Recording ~512 16 bit channels at 2mhz.

Discussion in 'Embedded Systems and Microcontrollers' started by gomipile, Jun 23, 2012.

  1. gomipile

    Thread Starter New Member

    Jun 23, 2012
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    It's been about 15 years since I've done any work with microcontrollers, so I figured I'd sign up to a good forum and ask y'all for some direction.

    I have an application where I'll have 512 or more analog inputs which I need to record for short bursts at a time resolution of about 2 mhz simultaneously.

    Basically, I need to build a system which can record those 512 (or more) analog channels at 16 bit accuracy and 2mhz time resolution for about half a second. The time sync on each channel must be within about 250 nanoseconds of any other channel.

    The data does not need to be reported to the server computer in realtime, but once it gets to the server and is compiled into a data file, I need to know that every channel is synced to every other channel within that error of 250 nanoseconds.

    So, how many microcontrollers will I need, what ones work well for this type of application, what is the most cost effective type of microcontroller to use, etc? For example, comparing 3 microcontrollers, one of which can handle one input and costs $10 per, one that can handle 8 inputs simultaneously and costs $30, and one that can handle 32 inputs and costs $150 each, I'd want to go with the $30 8 input ones. As long as, of course, they can be synced to each other well enough to get within that 250 ns error after all the wire length errors, signal travel time errors, etc. are accounted for.

    So, if you can help me, that's be great!
     
    Last edited: Jun 23, 2012
  2. gomipile

    Thread Starter New Member

    Jun 23, 2012
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    I do, of course, realize that this would mean that almost a gigabyte of data would be recorded. I'd probably have to do some on the fly data pruning and mild signal processing in each microcontroller to ameliorate the effects of that.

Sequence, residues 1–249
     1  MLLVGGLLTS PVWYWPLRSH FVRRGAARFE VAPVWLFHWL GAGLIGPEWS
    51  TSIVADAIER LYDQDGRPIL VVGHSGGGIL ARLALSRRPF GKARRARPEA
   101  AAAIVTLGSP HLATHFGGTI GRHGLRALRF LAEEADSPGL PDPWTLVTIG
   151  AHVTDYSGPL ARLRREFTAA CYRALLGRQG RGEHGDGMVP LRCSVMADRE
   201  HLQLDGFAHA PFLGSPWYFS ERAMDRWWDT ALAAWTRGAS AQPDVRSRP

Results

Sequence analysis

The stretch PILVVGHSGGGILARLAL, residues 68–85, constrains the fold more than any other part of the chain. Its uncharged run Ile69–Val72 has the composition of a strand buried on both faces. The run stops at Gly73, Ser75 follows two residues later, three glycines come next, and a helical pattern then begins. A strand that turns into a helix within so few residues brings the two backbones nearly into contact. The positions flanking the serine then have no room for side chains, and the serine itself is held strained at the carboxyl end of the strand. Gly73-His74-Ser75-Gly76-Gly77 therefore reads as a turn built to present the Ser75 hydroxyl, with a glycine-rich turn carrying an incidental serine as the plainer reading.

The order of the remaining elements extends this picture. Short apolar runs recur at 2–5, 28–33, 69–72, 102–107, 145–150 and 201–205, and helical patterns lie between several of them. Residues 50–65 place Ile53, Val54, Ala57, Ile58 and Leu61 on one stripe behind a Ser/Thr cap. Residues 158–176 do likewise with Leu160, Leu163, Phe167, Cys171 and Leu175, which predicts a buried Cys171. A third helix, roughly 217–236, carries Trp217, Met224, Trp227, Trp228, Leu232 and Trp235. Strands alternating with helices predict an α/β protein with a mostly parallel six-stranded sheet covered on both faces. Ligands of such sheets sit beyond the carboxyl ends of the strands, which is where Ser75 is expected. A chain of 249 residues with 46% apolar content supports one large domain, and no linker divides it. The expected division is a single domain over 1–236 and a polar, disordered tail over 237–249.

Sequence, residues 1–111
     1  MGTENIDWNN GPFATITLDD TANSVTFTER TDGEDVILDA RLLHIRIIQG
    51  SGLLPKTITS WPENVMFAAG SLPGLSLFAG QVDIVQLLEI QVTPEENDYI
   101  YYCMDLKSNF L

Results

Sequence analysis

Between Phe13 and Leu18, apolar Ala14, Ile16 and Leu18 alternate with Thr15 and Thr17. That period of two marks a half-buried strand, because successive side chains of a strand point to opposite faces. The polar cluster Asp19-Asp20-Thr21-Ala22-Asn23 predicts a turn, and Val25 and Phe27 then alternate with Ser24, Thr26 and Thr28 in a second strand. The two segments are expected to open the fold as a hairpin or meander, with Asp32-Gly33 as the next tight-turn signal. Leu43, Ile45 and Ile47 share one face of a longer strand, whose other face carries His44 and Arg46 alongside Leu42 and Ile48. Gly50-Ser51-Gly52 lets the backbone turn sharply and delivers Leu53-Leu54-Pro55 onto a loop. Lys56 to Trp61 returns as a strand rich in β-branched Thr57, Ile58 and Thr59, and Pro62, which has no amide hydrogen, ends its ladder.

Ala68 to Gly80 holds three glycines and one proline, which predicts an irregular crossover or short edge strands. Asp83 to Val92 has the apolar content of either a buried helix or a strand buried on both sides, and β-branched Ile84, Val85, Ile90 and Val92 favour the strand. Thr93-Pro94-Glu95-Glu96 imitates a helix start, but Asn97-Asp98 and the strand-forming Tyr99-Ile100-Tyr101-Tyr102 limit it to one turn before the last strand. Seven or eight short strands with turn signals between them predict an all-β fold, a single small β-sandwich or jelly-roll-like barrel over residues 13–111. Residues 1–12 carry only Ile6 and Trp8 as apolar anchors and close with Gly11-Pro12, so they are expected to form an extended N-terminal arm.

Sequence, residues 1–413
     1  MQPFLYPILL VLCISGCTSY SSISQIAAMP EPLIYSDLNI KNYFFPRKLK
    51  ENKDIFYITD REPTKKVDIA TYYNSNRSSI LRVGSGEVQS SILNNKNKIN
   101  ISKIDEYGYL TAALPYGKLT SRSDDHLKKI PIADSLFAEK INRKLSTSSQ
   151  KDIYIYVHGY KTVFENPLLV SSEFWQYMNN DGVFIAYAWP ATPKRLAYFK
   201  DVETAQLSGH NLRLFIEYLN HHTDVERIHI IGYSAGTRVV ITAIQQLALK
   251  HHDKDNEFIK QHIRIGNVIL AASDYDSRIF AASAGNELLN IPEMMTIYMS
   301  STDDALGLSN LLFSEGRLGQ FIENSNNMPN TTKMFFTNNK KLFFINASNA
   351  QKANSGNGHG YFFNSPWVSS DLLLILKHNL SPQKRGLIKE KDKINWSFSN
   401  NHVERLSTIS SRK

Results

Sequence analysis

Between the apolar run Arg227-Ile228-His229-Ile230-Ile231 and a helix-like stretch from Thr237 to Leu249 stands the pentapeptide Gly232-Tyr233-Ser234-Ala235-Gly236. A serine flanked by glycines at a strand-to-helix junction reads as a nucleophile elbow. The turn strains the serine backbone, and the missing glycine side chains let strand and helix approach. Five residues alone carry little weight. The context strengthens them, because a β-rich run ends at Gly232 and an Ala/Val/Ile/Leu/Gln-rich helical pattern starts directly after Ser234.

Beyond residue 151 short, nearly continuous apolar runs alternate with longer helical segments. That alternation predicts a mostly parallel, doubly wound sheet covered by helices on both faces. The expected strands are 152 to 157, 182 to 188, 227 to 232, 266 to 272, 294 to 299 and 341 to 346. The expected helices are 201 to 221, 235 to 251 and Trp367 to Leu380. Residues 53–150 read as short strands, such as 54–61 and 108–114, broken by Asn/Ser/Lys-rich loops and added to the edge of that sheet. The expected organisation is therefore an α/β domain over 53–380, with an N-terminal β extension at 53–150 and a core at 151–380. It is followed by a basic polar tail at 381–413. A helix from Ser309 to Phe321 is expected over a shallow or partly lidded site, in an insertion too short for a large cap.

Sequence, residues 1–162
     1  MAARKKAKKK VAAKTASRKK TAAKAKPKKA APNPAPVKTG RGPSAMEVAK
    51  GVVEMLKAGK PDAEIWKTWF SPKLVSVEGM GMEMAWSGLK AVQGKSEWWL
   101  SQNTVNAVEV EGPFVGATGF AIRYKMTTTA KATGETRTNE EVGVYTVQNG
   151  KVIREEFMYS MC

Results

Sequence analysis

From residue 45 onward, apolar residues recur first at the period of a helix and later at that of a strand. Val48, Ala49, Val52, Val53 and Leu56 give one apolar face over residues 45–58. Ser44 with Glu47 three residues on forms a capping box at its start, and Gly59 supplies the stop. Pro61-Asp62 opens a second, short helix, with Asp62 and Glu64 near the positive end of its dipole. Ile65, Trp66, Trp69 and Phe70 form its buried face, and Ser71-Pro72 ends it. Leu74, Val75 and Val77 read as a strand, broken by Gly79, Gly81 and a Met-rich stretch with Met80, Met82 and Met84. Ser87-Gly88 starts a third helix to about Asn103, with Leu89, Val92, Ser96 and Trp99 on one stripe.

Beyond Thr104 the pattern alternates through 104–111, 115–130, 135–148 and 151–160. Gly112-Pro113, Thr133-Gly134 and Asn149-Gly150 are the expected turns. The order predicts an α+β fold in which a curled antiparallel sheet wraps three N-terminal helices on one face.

3. kubeek

    AAC Fanatic!

    Sep 20, 2005
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    To me this seems to be more suitable for FPGA rather than CPU. I would imagine that each fpga would have say 8-16 A/D converters around it and one DRAM for local storage of data. Then after the measurement is done the master controller downloads each dram for processing.

    I don´t think you can find a cpu with 2M samples per second in 16bit, you will need not very cheap standalone A/D converters. Also you don´t say how short is that short burst, i.e. how much data you will actually be storing. Also you should realize that even though you want it to be as cheap as possilbe (everyone wants that), even just 512x the analog front end for each channel will cost a LOT. The thing should definitely be modular so that you can make a say 32 channel board running and then stack them up. For this you need to think first about the synchronization between the boards, because 250ns is not a lot of time, I would imagine some master clock with coax cable running to each board.
     
  4. gomipile

    Thread Starter New Member

    Jun 23, 2012
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    Ok, consider just a single channel. Here's a practical example that falls within the parameters of the type of data I'm dealing with:

    Imagine a single ultrasonic microphone with a range up to 2mhz. How would you build a digital audio recorder which could record up to 2mhz sound using that microphone?
     
  5. kubeek

    AAC Fanatic!

    Sep 20, 2005
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    I depending on level etc. there would be input buffer going into A/D converter, which is clocked by fpga and with parallel output into fpga as well. Fpga stores samples into some intermediate buffers and then gives them to memory controller which puts it into dram.
    Mind you that instead of fpga you can freely put cpu, but I think that a single fpga will be able to handle more of the A/Ds than a cpu with the same price.
     
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